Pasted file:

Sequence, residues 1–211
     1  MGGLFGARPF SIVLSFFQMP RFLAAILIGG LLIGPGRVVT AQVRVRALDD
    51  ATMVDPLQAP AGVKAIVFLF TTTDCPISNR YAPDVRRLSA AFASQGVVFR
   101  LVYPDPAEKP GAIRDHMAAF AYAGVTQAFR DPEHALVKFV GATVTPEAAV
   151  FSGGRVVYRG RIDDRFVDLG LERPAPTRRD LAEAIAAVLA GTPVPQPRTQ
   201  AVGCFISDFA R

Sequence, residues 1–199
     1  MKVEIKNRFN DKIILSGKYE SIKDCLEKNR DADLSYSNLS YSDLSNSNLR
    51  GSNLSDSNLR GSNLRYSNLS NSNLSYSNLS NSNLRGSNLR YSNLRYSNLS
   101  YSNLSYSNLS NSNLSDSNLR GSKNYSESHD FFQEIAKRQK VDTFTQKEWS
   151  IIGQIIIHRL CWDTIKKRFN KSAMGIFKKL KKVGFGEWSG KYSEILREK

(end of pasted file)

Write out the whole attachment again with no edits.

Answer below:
Sequence, residues 1–211
     1  MGGLFGARPF SIVLSFFQMP RFLAAILIGG LLIGPGRVVT AQVRVRALDD
    51  ATMVDPLQAP AGVKAIVFLF TTTDCPISNR YAPDVRRLSA AFASQGVVFR
   101  LVYPDPAEKP GAIRDHMAAF AYAGVTQAFR DPEHALVKFV GATVTPEAAV
   151  FSGGRVVYRG RIDDRFVDLG LERPAPTRRD LAEAIAAVLA GTPVPQPRTQ
   201  AVGCFISDFA R

Sequence, residues 1–199
     1  MKVEIKNRFN DKIILSGKYE SIKDCLEKNR DADLSYSNLS YSDLSNSNLR
    51  GSNLSDSNLR GSNLRYSNLS NSNLSYSNLS NSNLRGSNLR YSNLRYSNLS
   101  YSNLSYSNLS NSNLSDSNLR GSKNYSESHD FFQEIAKRQK VDTFTQKEWS
   151  IIGQIIIHRL CWDTIKKRFN KSAMGIFKKL KKVGFGEWSG KYSEILREK